Todd Frazier is a good player. Since breaking into the majors with the Reds in 2012, he’s put up the following OPS+ marks, in order: 118, 98, 121, 117, 107, 105. Even in his worst offensive year, he was still a productive player because of his power and solid defense. He hit 40 home runs in 2016, which even gives him something in common with the Giants!
Todd Frazier is a flawed player. His batting average fell all the way to .213 last year, and although he set a career high in walks, there’s no guarantee that he’ll keep walking enough to keep his OBP over .300. He’ll be 32 next year, which is certainly an age when players don’t have to stay productive. And he’ll likely command a three-year deal, which means that he’s likely to be a burden by the end of his contract. Just look at the Giants’ outfield for how much a bad backend of a contract can hurt a team’s ability to build a contending team in the offseason.
According to Joel Sherman, the Giants are one of 10 teams interested in Frazier. This makes sense. It’s also scary. Welcome to the Giants’ offseason.
As it stands, Frazier would likely command enough money to push the Giants up against the salary cap/competitive balance tax on his own. MLB Trade Rumors predicts that he’ll get $33 million for three years, with Jon Heyman predicting a $48 million/four-year deal. That wouldn’t lead a lot of money for an outfield addition if the Giants want to stay under the tax, much less a bullpen addition. So unless there’s money cleared in a prospect-as-veteran-sweetener deal, Frazier would be the biggest move of the offseason.
If the Giants are willing to blow past the tax, or if they have a bright idea to free up payroll, I would be for Frazier. He’s a fine player, and as a right-handed slugger, he would give them a chance to have their first 30-homer player since Barry Bonds left. But, like the idea of a Billy Hamilton trade, the grade would be a big incomplete until we see what the complementary deals were that completed the offseason. Just Frazier alone isn’t going to do it.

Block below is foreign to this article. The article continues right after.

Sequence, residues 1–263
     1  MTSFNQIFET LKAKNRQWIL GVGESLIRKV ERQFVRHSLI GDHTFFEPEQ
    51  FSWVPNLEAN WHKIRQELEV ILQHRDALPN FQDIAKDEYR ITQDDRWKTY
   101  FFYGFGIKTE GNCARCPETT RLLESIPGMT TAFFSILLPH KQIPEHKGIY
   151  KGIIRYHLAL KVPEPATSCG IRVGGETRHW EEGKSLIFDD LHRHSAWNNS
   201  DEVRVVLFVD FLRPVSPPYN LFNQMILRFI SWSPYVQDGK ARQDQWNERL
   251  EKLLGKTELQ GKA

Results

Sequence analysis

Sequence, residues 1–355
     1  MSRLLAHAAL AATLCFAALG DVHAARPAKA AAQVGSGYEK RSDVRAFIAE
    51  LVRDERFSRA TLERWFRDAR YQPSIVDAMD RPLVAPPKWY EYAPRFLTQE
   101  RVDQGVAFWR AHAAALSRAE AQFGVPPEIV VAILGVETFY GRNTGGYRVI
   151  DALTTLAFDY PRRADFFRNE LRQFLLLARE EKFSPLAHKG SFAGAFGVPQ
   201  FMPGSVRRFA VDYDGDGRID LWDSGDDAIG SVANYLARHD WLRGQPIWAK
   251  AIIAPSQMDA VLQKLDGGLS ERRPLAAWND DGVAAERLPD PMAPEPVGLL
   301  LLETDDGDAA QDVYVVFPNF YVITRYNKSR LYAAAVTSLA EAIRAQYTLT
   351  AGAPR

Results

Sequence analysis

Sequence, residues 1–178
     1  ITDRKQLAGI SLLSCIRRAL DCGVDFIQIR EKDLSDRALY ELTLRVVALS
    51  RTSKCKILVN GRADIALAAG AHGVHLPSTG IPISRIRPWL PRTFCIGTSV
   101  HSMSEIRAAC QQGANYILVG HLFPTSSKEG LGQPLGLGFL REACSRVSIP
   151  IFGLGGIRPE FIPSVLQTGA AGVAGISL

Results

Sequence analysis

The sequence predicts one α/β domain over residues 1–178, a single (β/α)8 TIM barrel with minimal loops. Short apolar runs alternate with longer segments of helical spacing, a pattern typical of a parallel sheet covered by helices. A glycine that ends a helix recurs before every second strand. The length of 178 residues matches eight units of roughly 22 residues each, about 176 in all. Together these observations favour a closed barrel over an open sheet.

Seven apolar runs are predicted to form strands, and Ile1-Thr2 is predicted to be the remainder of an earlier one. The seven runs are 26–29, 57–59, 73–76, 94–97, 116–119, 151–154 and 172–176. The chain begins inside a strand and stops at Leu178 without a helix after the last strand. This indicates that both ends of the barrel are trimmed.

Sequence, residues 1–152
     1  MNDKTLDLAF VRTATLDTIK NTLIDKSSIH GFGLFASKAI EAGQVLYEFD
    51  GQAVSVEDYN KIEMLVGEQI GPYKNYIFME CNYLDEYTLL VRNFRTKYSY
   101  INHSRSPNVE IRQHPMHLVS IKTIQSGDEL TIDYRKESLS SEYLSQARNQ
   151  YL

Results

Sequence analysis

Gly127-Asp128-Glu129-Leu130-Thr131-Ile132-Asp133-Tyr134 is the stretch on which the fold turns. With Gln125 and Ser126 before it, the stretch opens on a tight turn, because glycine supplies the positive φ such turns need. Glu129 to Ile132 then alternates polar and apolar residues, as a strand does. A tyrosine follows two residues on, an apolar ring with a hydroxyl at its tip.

Mike Trout and Carlos Correa wouldn’t do it, either, idiot.
Hey, that’s not nice. But it’s also somewhat accurate. It’s hard to see the Giants spending even more money on a player who isn’t likely to be worth the money in 2020, when they’ll have several other aging players on big contracts. Not for this roster, which is still questionable on multiple fronts. This isn’t a team that needs a cherry on top of the sundae. They need some damned ice cream. Maybe some syrup. I always thought nuts were out of place, but that’s just me.
What I would avoid, though, is suggesting that Frazier isn’t a good baseball player because of his low average. He could help the Giants’ lineup. The only problem is that he might hurt their ability to make more improvements this offseason. And, friends, they need a lot of improvements. Color me skeptical about this rumor ever turning into reality, even if it makes some level of sense.
Consider this, though: Spending money on Todd Frazier makes about eleventy million times more sense than spending it on Jay Bruce, who has the same offensive tools but is left-handed and plays an iffy defensive outfield. If the Giants feel like they have to do something, this would at least fit their specific needs well.